This is present at the upper side of the lid; this equipment indicates the pressure applied in the Autoclave. This is an important component of the Autoclave as it displays the pressure and the rise of pressure. This component also alerts for any upcoming mishaps.
Whistle or pressure releasing unit
The pressure releasing unit is also known as a whistle and is placed at the top of the surface. Likewise, the whistle allows us to release the pressure when needed in the pressure cooker.
Types of Autoclaves
There are 02 types of autoclave systems commercially available:
In this type of Autoclave, the steam is produced when the water is boiled, then the steam produced replaces the air by gravity.
- Horizontal (comes in horizontal shape)
- Vertical (comes in vertical shape)
In this Autoclave, the air system is done by mechanical assistance, ensuring steam penetration properly. This type of Autoclave consists of a vacuum pump and steam generator.
- Negative pressure displacement
- Positive pressure displacement
Operating the Autoclave
Generally, the Autoclave runs at 121° temperature for 30 minutes with 12 PSI pressure. Here are the numbers of steps to follow when running an autoclave.
- Before starting the Autoclave, you must check if any previous equipment is left from the cycle.
- The chamber is filled with water according to the markings.
- Then, the materials that need to be sterilized are placed inside the chamber.
- After placing, the lid is closed, screws are tightened, ensuring an air-tight condition and ensuring that the electric heater is on.
- After that, safety valves are adjusted to produce the needful pressure in the chamber.
- After the heater is on, the water starts to boil, and the mixture of air and water are, known as moist, is allowed to escape from the discharge tube.
- After this, the drainage pipe is closed, allowing the steam to reach the desired levels.
- After reaching the desired pressure, the pressure-releasing unit blows a whistle. This releases the extra pressure from the chamber.
- Then the Autoclave is run for a longer period, i.e., 15 minutes usually.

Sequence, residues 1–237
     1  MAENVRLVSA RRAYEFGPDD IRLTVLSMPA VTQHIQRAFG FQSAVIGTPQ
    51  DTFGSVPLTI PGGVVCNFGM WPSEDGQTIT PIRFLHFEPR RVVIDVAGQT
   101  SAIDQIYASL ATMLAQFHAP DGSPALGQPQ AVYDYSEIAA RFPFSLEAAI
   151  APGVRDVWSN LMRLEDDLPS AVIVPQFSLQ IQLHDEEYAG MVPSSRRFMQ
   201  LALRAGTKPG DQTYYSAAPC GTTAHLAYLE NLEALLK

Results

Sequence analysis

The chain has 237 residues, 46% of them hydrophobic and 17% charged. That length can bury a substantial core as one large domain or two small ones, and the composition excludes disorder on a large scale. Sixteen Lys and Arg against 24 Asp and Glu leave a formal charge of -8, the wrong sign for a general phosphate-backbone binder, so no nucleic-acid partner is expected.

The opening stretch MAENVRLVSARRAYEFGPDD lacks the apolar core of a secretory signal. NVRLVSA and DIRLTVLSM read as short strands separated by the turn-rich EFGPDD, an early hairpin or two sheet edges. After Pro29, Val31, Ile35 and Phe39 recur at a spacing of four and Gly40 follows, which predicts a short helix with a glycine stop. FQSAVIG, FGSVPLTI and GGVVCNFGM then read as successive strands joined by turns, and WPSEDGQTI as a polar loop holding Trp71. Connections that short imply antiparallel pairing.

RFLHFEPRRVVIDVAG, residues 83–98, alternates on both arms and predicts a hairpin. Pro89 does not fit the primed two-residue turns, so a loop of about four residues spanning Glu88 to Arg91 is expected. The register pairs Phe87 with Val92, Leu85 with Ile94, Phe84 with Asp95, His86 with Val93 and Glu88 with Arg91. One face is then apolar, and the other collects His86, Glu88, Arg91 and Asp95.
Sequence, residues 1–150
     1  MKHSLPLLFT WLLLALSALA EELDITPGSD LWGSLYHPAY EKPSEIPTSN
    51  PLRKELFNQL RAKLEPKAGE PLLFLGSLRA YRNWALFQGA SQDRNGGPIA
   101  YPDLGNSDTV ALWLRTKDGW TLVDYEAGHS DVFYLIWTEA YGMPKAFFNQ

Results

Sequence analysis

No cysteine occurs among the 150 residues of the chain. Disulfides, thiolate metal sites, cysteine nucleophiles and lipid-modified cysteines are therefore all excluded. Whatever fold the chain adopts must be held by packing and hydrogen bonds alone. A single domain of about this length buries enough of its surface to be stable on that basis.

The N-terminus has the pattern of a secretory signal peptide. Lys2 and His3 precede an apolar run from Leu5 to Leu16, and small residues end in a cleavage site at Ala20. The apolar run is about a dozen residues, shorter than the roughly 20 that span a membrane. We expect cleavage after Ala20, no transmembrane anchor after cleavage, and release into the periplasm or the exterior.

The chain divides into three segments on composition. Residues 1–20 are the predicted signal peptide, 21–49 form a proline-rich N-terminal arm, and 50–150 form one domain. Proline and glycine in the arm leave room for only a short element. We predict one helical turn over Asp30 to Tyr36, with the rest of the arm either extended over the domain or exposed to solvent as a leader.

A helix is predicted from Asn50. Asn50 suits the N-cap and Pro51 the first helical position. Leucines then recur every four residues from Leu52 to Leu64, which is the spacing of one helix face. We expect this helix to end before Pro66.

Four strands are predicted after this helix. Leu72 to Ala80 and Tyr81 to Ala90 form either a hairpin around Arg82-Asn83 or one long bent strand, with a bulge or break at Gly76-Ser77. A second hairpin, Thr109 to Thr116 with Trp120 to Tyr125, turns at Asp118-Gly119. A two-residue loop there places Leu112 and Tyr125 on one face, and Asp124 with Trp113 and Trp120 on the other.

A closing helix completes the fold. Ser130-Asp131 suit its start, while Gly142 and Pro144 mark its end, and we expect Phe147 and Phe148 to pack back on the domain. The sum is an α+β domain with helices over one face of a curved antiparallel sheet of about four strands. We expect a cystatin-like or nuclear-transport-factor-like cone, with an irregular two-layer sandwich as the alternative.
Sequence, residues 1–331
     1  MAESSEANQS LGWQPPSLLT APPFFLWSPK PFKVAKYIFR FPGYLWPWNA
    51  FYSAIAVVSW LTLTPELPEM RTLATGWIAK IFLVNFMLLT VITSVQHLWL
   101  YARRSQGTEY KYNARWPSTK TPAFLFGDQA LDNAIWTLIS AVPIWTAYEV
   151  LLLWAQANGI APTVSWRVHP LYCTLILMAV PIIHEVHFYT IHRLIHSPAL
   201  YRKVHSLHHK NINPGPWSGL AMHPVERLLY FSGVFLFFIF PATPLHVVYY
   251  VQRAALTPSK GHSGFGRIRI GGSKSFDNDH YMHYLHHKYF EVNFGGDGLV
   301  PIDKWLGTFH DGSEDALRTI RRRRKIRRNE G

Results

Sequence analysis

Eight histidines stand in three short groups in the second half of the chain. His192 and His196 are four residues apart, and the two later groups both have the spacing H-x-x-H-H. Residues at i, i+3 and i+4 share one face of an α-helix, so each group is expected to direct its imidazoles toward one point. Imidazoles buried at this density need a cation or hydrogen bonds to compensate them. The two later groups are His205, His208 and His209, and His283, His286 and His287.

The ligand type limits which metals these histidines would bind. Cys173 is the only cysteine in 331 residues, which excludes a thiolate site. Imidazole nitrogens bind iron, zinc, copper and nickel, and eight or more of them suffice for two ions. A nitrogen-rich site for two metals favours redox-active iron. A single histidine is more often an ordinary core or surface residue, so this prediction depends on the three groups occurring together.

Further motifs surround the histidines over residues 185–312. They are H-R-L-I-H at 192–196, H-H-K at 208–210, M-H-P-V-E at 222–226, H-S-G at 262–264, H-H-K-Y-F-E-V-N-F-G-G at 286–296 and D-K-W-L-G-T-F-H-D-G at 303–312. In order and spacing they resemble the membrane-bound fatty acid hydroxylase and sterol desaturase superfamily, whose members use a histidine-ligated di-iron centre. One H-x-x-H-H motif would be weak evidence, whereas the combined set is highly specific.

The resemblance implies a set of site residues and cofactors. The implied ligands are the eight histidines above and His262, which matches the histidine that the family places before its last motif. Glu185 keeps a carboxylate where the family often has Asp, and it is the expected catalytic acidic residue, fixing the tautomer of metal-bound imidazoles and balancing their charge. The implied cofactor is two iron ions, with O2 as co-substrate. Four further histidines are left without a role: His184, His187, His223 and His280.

- After that, the electric heater goes off, and the Autoclave is set to get cool.
- Then, the discharge unit is allowed to let the outside air into the chamber of the Autoclave.
- At the last stage, the lid is opened, and sterilized equipment or material is taken out.
Uses of Autoclave
Here are the common uses of Autoclave:
- They are used to purify and decontaminate biological waste, instruments, and labware and sterilize media materials.
- They are also used to sterilize plastic tubes, autoclave containers, culture media.
- Moreover, to regulate the medical waste containing viruses, bacteria, infections, and other biological materials.
- These are widely used in medical labs to sterilize glassware, medical waste, and surgical equipment.
There are two types of autoclaves based on their usage. First, the one that can be placed in your workplace is a tabletop autoclave or bench autoclave. On the other side, the Autoclave that is not portable and cannot be placed on the floor is known as the floor autoclave. There are some important precautions mentioned above that one must take before using the Autoclave.
Frequently Asked Questions
Q1. What can’t be used in an autoclave?
Here are some the things that can’t be sterilized in an autoclave:
1. Reactive or corrosive substances
2. Flammable material
4. Radioactive material
5. Any chlorine-based substance or products
Q2. How long should an autoclave last?
Normally. An autoclave lasts for more than 30 years.
Q3. What is the main working principle of the autoclave?
The main working principle of the autoclave is the moist heat sterilization. Pressure Is generated along the rising of the temperature to kill the microbes.
- Sasaki, J. I., & Imazato, S. (2020). Autoclave sterilization of dental handpieces: A literature review. journal of prosthodontic research, 64(3), 239-242.
- What is Autoclave Sterilization? Meaning, Video, Parameters, Components & Autoclaving – Biology Reader
- The Autoclave Sterilization Process and How It Works | Sterilis Solutions
- Steam Sterilization | Disinfection & Sterilization Guidelines | Guidelines Library | Infection Control | CDC